The new Android architecture components

Sudeep Srivastava
Published on Dec 12, 2017 in Android Developers Resources
The new Android architecture components

Google made various exciting announcements this year in Google I/O, such as introducing Android Oreo and declaring Kotlin as an official Android programming language. However, the one that became a hype in the market is the release of new architecture components.

The new lifecycle-aware Android architecture components assists the Android app developers to better preserve the data, write less boilerplate code, fight against the prevailing errors, and ultimately build verifiable, robust and ‘easy-to-maintain’ Android applications.

As Google has recently announced the stable version of the new android architecture components, let’s have a look at what these major components are, what their features and what are the requirements for implementing them into the apps.


Since its introduction back in 2005, Android has successfully launched different versions of Android architecture components, but continued to miss one crucial necessity of the Android app developers- a standard architecture pattern that will be easy to understand and use. As you know, Android OS runs on an extensive range of devices and has to manage the resources belligerently for making the applications run on these devices effortlessly, an application architecture was mandatory to find how the different components of the app have to be organized and tied together for building more expandable and successful applications.


The major components of the newly introduced Android architecture are:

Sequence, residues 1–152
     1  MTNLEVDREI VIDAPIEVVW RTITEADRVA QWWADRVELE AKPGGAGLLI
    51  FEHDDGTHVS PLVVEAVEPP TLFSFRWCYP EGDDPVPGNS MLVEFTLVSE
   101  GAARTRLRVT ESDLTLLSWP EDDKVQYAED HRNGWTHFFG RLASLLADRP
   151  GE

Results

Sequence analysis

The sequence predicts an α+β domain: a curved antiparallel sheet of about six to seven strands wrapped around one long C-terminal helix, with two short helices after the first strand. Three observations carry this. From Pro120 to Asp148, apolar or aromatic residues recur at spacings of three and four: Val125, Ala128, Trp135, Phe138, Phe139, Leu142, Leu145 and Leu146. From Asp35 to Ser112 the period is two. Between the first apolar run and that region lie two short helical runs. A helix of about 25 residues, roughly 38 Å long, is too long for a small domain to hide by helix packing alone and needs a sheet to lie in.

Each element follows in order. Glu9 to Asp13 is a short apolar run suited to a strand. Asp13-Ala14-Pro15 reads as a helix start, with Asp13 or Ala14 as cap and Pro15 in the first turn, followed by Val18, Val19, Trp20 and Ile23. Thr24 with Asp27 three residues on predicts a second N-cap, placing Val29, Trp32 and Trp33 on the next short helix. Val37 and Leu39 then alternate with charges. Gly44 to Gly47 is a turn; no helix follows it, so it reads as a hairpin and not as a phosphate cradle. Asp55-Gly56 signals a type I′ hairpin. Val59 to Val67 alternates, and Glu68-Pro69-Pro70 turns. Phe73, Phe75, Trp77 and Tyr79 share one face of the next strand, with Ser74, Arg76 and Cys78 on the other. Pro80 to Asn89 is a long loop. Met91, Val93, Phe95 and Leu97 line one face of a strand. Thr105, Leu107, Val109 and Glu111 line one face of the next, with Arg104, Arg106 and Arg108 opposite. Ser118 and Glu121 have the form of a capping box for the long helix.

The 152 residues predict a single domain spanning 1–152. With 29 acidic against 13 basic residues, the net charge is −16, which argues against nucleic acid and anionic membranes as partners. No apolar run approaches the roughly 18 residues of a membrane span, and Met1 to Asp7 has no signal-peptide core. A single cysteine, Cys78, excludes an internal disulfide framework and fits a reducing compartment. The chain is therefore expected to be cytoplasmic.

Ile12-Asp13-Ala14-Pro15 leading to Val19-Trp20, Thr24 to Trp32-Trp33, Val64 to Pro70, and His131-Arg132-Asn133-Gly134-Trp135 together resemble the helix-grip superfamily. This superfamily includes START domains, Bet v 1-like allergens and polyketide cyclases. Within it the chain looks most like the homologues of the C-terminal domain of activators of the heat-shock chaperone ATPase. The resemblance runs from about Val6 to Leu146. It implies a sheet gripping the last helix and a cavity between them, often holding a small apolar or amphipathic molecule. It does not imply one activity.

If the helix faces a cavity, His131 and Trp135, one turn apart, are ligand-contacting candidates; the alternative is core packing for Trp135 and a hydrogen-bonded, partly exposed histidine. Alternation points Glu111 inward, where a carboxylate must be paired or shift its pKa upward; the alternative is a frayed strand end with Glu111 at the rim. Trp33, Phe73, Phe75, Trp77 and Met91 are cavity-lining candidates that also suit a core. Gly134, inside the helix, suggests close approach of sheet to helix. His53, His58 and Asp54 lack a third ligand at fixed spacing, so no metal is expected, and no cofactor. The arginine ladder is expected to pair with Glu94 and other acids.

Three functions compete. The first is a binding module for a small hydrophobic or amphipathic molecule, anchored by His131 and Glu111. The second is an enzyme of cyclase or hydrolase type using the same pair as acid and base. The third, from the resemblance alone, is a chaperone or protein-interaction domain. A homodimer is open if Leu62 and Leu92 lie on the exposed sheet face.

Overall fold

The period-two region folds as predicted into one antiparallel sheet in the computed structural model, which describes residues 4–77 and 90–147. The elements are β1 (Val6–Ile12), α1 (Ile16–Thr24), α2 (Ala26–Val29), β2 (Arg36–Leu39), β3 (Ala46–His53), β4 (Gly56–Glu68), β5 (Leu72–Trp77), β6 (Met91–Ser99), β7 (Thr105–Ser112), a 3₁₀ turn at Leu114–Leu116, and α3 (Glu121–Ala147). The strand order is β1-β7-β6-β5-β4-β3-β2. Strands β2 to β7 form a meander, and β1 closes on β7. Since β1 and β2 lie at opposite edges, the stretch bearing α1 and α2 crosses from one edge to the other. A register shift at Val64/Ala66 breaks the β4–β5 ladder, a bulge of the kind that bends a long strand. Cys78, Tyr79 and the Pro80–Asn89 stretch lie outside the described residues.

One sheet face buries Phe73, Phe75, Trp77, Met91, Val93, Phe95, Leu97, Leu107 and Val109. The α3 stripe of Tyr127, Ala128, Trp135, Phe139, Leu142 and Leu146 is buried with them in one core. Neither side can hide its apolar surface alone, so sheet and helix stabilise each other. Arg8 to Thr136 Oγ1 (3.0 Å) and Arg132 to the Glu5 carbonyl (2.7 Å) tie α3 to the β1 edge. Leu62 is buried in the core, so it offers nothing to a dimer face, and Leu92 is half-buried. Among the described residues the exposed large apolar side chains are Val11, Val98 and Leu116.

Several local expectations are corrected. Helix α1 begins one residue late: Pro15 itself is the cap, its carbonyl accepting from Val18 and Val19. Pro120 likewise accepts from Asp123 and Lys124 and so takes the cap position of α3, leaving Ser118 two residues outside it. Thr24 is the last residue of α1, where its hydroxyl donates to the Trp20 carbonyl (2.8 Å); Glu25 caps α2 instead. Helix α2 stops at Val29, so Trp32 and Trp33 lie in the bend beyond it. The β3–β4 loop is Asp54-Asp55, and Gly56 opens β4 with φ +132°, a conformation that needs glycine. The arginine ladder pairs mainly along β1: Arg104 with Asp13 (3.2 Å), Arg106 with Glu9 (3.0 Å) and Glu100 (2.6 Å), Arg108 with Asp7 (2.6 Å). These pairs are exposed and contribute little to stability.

The new Android architecture components


ViewModel is basically used to hold and handle UI-related data in case of configuration changes like keyboard availability, screen rotation and change of device language, and other lifecycle events. It prevents the deletion and recreation of activities due to configuration changes which result in data loss, and thus enable the Android app developers to build more modular and testable UIs.


Lifecycle allows the creation of lifecycle-aware components that primarily manage their own lifecycle. This library serves the Android app developers with classes and interfaces that let them build components which can automatically alter their behavior on the basis of current lifecycle state of any activity or fragment. Thus, empower the application developers to write well-formulated and lighter-weighted codes, and ultimately, makes the app easier to maintain and less prone to the risk of leaks and crashes.


It is an observable lifecycle-aware data holder class that respects the lifecycle of other application components, like fragments, activities or services. With this awareness, the LiveData updates only those component observers that are active, and thus lessen the pathways for memory leakage and minimize the app crashes.


Almost every application demands storing of data locally. Though Android supports SQLite from the beginning itself, using SQLite directly was distressing due to concerns like: